Warnings are trickery legal devices. Failure to warn about a dangerous or hazardous product or situation can lead to liability if an injury results. Even if there is a warning, it must adequately cover the potential risks. A good warning will protect the business from warning defect liability. Here are three tips for writing a warning:

1) Place the Warning in a Position Where It Is Clearly Visible

This might sound like a no-brainer, but a warning which cannot be seen or read is not a warning at all. "No Trespassing" signs should not have trees or storage cabinets in front of them. "Wet Floor" signs won’t prevent slip and fall suits if they are behind bathroom doors or knocked over by little children. If there are certain dangers to certain people, consider handing written warnings to the person(s) directly. For example, if a dentist wishes to warn a patient about over dosage on painkillers, the dentist should give the patient a written notice. Always leave a paper trail.

2) Be as Specific as Possible

Defendants are required to warn of foreseeable hazards which could harm others. As such, the warning should be specific enough to give indication of nature and extent of the danger involved. Construction sites should not merely post "Danger" signs, but should also warn that there may be falling objects. Vending machines should clearly state that a person may be crushed to death if they try to shake the machine. The best way to discourage improper use is to be as specific as possible, so be graphic about the risks.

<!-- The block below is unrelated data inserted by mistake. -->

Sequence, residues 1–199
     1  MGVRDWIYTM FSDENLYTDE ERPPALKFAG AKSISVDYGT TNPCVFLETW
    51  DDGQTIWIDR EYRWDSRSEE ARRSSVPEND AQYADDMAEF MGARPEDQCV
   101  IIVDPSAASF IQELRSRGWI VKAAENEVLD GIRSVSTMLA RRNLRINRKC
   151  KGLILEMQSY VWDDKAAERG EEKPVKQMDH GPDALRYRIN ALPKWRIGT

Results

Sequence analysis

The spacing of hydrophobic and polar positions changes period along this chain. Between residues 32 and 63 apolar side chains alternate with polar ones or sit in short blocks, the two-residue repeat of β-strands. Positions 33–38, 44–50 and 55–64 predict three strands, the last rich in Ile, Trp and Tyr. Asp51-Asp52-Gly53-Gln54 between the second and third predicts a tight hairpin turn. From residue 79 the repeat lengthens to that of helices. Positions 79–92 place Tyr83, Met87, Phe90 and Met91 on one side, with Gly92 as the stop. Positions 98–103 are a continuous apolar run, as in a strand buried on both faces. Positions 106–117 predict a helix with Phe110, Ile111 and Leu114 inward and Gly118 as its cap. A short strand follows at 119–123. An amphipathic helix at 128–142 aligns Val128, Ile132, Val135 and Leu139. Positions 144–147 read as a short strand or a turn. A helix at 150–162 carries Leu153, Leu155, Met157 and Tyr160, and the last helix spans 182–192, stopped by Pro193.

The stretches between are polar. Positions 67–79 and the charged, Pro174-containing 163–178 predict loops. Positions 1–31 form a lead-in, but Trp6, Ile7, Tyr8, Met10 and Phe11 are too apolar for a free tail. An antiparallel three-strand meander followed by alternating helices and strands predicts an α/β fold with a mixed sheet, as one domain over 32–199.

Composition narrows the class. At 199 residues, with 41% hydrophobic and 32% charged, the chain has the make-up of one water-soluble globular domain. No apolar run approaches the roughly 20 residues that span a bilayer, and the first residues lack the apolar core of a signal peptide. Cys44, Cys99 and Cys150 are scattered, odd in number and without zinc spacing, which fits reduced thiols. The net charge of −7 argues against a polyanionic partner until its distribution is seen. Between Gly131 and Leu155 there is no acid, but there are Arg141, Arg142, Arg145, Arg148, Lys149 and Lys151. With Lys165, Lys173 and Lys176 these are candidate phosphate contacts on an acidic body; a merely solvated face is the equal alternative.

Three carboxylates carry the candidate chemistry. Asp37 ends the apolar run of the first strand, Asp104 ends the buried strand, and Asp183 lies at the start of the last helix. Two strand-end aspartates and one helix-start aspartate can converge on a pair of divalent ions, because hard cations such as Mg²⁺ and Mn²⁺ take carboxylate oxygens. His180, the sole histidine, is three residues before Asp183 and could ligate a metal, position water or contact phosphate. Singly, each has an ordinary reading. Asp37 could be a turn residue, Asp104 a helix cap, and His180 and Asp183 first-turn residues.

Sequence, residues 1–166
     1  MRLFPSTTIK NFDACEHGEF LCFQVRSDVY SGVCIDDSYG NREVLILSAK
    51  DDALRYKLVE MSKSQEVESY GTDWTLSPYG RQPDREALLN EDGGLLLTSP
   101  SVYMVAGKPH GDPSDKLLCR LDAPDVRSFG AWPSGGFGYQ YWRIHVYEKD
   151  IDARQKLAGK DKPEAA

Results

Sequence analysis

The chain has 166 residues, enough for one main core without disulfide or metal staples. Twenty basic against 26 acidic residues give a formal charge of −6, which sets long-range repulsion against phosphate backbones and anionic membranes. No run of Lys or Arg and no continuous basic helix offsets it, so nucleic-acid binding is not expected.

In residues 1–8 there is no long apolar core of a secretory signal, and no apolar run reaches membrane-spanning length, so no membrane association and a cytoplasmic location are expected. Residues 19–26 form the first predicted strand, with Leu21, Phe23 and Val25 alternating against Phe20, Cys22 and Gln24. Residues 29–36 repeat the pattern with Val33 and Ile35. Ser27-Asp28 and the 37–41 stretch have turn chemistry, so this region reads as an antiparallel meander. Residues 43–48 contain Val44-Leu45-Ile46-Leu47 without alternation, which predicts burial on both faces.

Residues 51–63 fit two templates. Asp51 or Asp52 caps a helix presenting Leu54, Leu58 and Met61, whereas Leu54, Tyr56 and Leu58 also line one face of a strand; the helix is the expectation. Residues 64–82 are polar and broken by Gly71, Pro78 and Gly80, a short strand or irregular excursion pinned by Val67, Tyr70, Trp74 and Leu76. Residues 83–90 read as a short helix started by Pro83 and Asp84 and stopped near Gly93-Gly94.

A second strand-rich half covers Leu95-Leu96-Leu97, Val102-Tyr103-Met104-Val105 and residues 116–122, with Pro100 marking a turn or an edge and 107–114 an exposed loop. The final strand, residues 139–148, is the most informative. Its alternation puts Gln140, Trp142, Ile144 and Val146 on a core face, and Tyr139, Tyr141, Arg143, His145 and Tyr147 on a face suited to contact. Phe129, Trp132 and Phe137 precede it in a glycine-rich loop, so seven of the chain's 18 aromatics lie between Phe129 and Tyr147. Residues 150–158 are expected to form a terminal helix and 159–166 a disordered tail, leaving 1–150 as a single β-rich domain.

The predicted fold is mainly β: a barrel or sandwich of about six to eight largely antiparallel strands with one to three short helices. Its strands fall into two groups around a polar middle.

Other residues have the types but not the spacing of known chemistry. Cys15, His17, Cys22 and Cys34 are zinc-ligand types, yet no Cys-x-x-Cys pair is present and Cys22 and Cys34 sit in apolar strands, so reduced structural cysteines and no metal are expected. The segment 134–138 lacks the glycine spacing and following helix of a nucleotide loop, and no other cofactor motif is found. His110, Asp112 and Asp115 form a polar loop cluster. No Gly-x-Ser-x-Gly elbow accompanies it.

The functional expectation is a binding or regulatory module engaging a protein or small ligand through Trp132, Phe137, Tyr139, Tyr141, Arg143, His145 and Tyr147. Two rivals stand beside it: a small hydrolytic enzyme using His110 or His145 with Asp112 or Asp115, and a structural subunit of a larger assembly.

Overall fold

3) Understand the Warning’s Audience

Some states use the sophisticated user doctrine. A carpenter who uses a nail gun is a different user than a teenager. The carpenter’s knowledge would tell him or her how to operate the nail gun’s safety catch. The carpenter doesn’t need to be told what happens if the catch is turned off inappropriately (emergency room is usually what happens). However, the carpenter does have a duty to warn the teenager or other uninformed individual’s about the nail gun’s danger if the carpenter allows others to use it. Although the sophisticated duty doctrine relieves certain businesses of liability, it places the same responsibility on others.

Seeking Legal Help

If there is a something dangerous or a hazardous on your property or under your control, you should contact a personal injury lawyer. Your lawyer can help you navigate all potential legal issues involved with failure to warn liability.